The Rich Back Startups: Is It Philanthropy or Capitalism?

A few months ago, something occurred to me that changed the way I view a lot of the world’s more successful people. It all started after I read a couple books…

200px-Steve_Jobs_by_Walter_IsaacsonSteve Jobs, a biography by Walter Issacon

31bQE-GAJCLWithout Their Permission, by Alexis Ohanian.

He and another guy started the internet news site Reddit and then BreadPig, the flight-search website.

delivering_happiness_catalog22Delivering Happiness, by Tony Hsieh.

He started Link Exchange and became CEO is Zappos in the early years.

steve_blank_professor_stanford_universityI also follow a blog by Steve Blank, a silicon valley serial entrepreneur, where is often giving advice to early start ups.

Alexis Ohanian

Alexis Ohanian

After having read those books, one day I read an article by Alexis Ohanian. In it he was talking about giving back by going back to Cambridge, MA (where his start up was founded) and getting involved with early stage start ups there. Steve Blank does the same thing. It struck me that all these guys, except Jobs, talk a lot about helping start-ups. They are writing books and giving lessons to start-up companies about what to do and not to do. They are investing in these early stage companies and they talk about it in a way as though it were philanthropic.

What occurred to me was big. It was important. Not in the way that it would change my day to day life, but it would change the way I view lots of people I liked. What occurred to me is that these guys are asses.

They are just millionaires keeping busy by investing (nothing new) and trying to be part of the next big thing (also nothing new). Steve Jobs is the exception, we’ll get to why I included his book in a minute though. The others, and many like them, always act as though they are being generous by investing in promising start-ups. They’re not. They are capitalists. What makes the situation even worse is that they are often investing in start-ups out of Harvard, Stanford, and MIT. If there are any 22 year olds in the world who don’t need philanthropy, it’s Harvard graduates with a high-growth start-up company.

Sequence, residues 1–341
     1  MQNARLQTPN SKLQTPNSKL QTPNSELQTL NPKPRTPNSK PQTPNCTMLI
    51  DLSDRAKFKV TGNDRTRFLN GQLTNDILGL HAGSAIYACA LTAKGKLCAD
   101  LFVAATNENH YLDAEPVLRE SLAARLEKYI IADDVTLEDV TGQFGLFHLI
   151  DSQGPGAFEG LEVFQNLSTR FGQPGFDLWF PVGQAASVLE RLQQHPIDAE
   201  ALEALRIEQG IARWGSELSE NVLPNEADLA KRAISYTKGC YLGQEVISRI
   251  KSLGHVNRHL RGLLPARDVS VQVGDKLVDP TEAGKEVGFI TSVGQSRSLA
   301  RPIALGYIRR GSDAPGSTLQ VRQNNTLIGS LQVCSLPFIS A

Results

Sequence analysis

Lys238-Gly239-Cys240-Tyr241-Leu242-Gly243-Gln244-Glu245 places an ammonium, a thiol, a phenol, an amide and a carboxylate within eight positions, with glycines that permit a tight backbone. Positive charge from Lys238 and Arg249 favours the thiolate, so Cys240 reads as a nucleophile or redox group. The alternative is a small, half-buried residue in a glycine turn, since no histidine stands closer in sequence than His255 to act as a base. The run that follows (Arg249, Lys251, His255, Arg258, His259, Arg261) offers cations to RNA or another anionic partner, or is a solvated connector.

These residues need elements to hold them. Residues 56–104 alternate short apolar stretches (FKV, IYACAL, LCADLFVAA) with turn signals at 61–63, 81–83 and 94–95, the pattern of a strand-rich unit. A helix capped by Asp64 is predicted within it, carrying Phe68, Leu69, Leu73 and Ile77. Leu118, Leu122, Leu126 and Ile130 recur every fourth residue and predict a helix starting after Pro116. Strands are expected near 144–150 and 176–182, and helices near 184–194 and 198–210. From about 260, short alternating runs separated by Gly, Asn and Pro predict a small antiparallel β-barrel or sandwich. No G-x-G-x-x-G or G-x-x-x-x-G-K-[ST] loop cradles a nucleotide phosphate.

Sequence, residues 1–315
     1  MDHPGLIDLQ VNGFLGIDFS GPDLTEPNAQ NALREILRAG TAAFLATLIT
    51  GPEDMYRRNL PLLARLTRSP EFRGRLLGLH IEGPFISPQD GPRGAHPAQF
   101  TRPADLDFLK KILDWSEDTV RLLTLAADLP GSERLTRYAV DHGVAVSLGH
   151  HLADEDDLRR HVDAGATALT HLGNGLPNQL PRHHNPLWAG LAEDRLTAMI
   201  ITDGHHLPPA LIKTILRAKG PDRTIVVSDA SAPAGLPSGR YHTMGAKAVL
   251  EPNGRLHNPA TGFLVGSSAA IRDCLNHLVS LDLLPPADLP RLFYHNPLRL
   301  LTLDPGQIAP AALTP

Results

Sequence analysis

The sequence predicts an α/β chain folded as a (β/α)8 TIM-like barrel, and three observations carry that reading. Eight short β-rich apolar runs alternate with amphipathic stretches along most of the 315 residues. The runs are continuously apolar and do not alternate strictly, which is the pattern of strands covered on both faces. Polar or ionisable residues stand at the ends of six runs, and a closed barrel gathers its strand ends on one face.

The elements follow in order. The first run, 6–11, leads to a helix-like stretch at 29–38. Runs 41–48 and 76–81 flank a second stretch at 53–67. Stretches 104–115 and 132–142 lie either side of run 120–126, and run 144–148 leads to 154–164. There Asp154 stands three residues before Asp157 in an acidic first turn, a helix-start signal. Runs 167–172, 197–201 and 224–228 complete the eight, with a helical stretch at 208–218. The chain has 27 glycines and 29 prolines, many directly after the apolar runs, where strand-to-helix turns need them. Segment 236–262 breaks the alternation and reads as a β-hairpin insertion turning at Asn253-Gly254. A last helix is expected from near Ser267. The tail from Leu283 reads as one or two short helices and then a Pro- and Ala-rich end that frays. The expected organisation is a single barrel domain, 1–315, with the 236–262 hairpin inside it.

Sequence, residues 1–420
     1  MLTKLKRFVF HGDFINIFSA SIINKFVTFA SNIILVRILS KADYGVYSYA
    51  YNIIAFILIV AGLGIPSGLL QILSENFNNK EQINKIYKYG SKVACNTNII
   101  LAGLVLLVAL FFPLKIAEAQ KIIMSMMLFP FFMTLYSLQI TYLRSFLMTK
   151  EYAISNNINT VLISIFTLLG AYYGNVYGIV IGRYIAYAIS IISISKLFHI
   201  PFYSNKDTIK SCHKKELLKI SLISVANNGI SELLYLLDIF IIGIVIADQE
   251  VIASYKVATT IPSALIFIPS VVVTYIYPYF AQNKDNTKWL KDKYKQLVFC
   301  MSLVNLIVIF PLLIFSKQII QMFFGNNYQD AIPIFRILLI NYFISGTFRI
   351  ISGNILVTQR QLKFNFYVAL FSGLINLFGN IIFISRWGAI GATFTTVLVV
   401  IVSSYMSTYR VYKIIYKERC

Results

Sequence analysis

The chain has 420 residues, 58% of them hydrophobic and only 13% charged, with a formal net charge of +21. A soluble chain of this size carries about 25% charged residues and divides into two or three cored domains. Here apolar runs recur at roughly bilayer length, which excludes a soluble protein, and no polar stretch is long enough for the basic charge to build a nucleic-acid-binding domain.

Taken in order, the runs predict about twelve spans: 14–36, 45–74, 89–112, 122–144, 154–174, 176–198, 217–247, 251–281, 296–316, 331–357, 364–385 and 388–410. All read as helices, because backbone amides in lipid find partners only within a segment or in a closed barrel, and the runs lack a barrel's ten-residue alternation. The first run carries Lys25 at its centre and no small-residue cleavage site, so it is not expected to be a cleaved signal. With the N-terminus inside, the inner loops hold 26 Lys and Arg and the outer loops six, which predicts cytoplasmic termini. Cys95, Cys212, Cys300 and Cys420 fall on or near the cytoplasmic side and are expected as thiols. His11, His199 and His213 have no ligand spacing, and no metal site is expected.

In the Name of My Big, Philanthropic Heart!!

All of this would be okay if they were doing it in the name of capitalism. But they aren’t. They think they’re being generous or giving. Which is funny because most only take meetings to consult with the most promising companies. My bet would be, most of the companies they meet with will do fine with or without the advice. They’re high-growth start-ups in 2014 where you need less money to start a company and money is easier to come by:

  • You don’t need as much money anymore
    • You can bootstrap  funds together
    • You can kick-start the company
    • If that doesn’t work, then you go to venture capitalists
    • If they don’t give you a good offer, at the worst you take a crappy offer

Plus!!!

  • Lots of advanced software is free
  • Manufacturing is getting easier and cheaper

No start up founded by Ivy League kids is going to fail, with a good idea, because they couldn’t get the money or advice they needed.

These Guys are also Totally Unaware of Why They’re Successful

By putting so much emphasis on giving advice and money, they send the message that they probably owe their own success to a rich venture capitalist (like they grew up to be) who invested in them. They’re wrong. Ohanian, in his book, even spends lots of time giving credit to the venture capitalist who advised him. They just don’t get it. They were all idea guys with programmer friends. Without the programmer friends, they would have never been able to create a product and no company would have been born. They owe their success solely to talented friends who could help turn visions into products.

If these guys want to see more brilliant ideas turned into companies, they should reallocate their time and money into putting idea people into environments where they meet programmers and engineers.

Universities should be doing this too. They should be concentrating on this idea more than the education itself. Link your business majors with programmers, website designers, and engineering majors. Make them dorm together, take history classes together, etc. Provide a legally safe way to share ideas.

When VCs Make a Difference

I think investing and supporting struggling start-up companies is philanthropic when it makes the difference between success or failure. But that’s not what we get out of the current VC model. The current model robs us of the competitive innovation market we need to push us forward, faster. If we want more innovation, we need more start-ups. Innovation is as much about having competitive markets as it is about anything else. More ideas, more perspectives, more visionaries. That all leads to more more revolutionary ideas being tried out and, ultimately, problems being solved.

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